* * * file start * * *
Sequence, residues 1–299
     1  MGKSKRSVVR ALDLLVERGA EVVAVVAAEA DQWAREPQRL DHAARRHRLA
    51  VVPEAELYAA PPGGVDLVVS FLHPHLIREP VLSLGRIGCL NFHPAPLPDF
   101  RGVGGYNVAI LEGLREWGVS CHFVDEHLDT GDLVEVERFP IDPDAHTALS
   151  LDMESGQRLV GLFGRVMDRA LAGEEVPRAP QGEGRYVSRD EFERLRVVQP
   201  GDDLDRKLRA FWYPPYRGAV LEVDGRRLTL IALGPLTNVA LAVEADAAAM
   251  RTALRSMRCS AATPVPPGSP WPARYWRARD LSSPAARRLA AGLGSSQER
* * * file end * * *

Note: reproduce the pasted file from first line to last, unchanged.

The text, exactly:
Sequence, residues 1–299
     1  MGKSKRSVVR ALDLLVERGA EVVAVVAAEA DQWAREPQRL DHAARRHRLA
    51  VVPEAELYAA PPGGVDLVVS FLHPHLIREP VLSLGRIGCL NFHPAPLPDF
   101  RGVGGYNVAI LEGLREWGVS CHFVDEHLDT GDLVEVERFP IDPDAHTALS
   151  LDMESGQRLV GLFGRVMDRA LAGEEVPRAP QGEGRYVSRD EFERLRVVQP
   201  GDDLDRKLRA FWYPPYRGAV LEVDGRRLTL IALGPLTNVA LAVEADAAAM
   251  RTALRSMRCS AATPVPPGSP WPARYWRARD LSSPAARRLA AGLGSSQER